FHA Loans, also known as first time home buyer loans, are government-backed mortgages provided by FHA Lenders and insured by the Federal Housing Administration often referred to as the FHA. The FHA is part of the US Department of Housing and Urban Development also known as HUD. Due to the government insuring the FHA Mortgage, FHA Loan Requirements are easier to meet for many home buyers and have lower down payments than conventional mortgages.
FHA Loan Requirements
FHA Loan requirements are less strict than many traditional mortgage loan requirements. Because the loans are insured, lenders can offer better incentives such as lower down payments, lower closing costs, and easier credit qualification.
FHA Lenders are lenders offering FHA Loan Products. Many banks and credit unions offer Federal Housing Administration loan products. Prior to getting pre-qualified and getting a mortgage prequalification letter, buyers should ask their potential lenders if they offer FHA Loan products. If the current lender does not offer these types of products, buyers might consider searching for FHA lenders. Comparing offers from FHA lenders before deciding which lender to choose can help to get the best options.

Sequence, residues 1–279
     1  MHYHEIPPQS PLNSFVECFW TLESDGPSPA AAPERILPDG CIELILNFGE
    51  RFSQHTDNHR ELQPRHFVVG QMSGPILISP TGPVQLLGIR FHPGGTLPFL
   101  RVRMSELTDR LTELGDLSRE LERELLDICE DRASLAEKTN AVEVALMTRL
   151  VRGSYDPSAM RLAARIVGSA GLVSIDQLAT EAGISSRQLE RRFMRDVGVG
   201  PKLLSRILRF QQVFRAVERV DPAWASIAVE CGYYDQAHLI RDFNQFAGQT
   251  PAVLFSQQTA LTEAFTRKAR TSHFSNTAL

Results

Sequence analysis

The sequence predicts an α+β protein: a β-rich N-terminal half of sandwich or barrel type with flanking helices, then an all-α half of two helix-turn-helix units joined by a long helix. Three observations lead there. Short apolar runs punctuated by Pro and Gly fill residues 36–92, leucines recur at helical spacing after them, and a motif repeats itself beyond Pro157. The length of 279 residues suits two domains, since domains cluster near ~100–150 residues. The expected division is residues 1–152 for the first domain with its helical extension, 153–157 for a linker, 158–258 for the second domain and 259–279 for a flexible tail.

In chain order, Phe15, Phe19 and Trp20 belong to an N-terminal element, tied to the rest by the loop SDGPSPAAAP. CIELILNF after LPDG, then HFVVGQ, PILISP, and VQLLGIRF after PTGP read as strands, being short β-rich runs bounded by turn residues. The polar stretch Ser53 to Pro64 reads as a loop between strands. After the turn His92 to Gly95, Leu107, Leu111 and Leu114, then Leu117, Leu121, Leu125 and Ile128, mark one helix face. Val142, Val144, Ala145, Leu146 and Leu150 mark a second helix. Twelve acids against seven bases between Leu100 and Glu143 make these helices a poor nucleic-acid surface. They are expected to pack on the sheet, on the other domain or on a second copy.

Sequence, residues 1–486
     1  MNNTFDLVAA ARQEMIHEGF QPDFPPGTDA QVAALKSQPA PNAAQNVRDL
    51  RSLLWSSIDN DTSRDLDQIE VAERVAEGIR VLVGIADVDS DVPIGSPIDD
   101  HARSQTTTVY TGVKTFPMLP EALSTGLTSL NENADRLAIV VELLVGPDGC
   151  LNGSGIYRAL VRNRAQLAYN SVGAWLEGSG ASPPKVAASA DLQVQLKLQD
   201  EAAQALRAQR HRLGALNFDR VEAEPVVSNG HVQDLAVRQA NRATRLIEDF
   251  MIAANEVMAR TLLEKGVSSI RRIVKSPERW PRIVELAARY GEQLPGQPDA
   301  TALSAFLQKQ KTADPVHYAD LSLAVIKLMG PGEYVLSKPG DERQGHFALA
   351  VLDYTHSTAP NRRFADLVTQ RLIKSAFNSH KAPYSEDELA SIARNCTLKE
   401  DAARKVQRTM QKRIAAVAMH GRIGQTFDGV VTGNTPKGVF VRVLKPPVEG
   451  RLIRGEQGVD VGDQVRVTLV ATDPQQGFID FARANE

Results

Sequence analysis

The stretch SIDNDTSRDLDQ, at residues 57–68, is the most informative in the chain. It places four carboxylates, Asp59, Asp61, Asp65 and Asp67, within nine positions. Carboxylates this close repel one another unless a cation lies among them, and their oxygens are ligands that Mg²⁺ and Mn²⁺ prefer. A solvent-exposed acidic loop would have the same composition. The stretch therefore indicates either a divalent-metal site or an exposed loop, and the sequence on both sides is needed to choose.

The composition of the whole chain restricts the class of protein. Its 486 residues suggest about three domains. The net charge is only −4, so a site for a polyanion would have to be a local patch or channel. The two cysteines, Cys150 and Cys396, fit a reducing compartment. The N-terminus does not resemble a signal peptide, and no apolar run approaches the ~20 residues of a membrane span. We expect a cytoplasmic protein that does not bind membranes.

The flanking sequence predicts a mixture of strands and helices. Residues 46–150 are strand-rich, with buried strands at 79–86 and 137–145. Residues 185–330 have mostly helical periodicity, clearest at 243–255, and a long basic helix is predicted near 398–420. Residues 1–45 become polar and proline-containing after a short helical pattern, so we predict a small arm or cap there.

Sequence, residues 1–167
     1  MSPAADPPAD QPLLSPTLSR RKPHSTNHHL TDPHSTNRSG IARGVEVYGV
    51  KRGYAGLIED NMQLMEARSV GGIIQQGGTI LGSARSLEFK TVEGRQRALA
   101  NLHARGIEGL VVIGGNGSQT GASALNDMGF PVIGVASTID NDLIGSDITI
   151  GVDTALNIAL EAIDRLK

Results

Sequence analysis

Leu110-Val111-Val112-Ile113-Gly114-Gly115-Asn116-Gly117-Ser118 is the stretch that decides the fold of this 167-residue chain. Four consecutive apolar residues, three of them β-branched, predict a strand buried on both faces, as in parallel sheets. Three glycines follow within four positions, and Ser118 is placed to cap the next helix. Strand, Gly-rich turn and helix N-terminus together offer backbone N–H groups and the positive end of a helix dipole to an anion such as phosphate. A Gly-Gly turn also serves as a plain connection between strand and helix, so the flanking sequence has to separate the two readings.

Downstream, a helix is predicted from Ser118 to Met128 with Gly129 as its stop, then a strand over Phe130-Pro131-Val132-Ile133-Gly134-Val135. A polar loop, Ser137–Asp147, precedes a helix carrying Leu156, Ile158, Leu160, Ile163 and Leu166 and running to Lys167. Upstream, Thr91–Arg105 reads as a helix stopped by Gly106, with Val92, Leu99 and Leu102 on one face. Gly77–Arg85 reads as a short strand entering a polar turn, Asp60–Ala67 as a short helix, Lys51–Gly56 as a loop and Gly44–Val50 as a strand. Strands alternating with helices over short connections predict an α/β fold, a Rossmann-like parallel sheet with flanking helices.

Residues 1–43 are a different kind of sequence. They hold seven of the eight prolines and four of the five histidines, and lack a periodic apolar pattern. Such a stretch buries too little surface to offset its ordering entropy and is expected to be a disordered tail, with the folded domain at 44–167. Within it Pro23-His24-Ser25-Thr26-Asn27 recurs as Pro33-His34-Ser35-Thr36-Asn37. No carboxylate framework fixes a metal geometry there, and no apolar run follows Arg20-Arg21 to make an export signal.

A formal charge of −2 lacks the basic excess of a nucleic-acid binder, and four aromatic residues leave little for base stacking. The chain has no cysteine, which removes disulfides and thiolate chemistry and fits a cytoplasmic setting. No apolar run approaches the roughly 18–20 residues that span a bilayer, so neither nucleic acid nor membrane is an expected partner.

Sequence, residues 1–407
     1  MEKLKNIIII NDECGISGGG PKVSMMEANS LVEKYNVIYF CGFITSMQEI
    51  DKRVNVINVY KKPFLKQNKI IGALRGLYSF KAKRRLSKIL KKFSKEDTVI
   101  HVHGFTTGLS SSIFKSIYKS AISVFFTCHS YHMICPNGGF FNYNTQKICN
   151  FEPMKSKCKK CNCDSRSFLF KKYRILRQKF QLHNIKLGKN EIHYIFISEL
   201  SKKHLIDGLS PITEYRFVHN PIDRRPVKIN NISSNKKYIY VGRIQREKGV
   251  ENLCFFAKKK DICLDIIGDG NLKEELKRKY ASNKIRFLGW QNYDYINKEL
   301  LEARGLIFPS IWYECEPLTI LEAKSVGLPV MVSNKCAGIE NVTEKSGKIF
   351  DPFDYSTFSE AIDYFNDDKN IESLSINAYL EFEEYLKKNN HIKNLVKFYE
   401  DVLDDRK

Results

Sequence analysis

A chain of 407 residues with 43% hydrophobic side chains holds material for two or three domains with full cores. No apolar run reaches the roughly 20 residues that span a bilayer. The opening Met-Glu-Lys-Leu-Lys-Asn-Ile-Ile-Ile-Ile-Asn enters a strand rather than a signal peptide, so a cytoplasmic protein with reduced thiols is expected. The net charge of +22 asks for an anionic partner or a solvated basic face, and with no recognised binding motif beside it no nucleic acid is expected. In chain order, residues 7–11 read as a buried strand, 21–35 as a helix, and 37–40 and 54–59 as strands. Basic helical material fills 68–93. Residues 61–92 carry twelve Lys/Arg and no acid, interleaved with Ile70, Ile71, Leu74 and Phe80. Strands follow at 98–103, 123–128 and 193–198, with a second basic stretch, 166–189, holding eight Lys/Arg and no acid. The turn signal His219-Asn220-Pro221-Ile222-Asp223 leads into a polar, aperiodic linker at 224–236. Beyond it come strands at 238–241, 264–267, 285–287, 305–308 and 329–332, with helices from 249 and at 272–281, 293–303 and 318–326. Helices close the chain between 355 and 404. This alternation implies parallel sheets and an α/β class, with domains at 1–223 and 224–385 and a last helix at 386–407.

First Time Home Buyer Loans
First time home buyer loans offer buyers loan down payment options. Down payments can often be as low as 3.5 percent. Properties purchased can be from one to four-unit properties.
Federal Housing Administration Loan Products
If you are considering using a loan insured by the Federal Housing Administration to purchase your home, search and compare lenders offering the loan products. You might consider checking with your local banks and credit unions in the area. If you are unable to find a lender in the area offering Federal Housing Administration Loan products, you can Search for FHA lenders in Missouri. We suggest getting as much information as possible from lenders. Then compare the options with pros and cons to see which lender offers the best terms for your situation. After having reviewed different options, then contact the selected lender and proceed to the next step. Buyers can also contact HUD to ask questions and to get advice from a HUD-approved counselor.